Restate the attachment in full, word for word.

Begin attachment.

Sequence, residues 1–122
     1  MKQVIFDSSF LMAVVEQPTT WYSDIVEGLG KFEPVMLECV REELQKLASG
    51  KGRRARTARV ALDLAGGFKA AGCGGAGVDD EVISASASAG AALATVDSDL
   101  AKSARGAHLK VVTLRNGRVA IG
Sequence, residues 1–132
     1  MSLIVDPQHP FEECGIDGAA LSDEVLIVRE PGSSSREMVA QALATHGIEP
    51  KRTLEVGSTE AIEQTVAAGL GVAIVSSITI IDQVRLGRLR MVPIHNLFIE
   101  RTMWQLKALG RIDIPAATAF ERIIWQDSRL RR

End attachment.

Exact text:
Sequence, residues 1–122
     1  MKQVIFDSSF LMAVVEQPTT WYSDIVEGLG KFEPVMLECV REELQKLASG
    51  KGRRARTARV ALDLAGGFKA AGCGGAGVDD EVISASASAG AALATVDSDL
   101  AKSARGAHLK VVTLRNGRVA IG
Sequence, residues 1–132
     1  MSLIVDPQHP FEECGIDGAA LSDEVLIVRE PGSSSREMVA QALATHGIEP
    51  KRTLEVGSTE AIEQTVAAGL GVAIVSSITI IDQVRLGRLR MVPIHNLFIE
   101  RTMWQLKALG RIDIPAATAF ERIIWQDSRL RR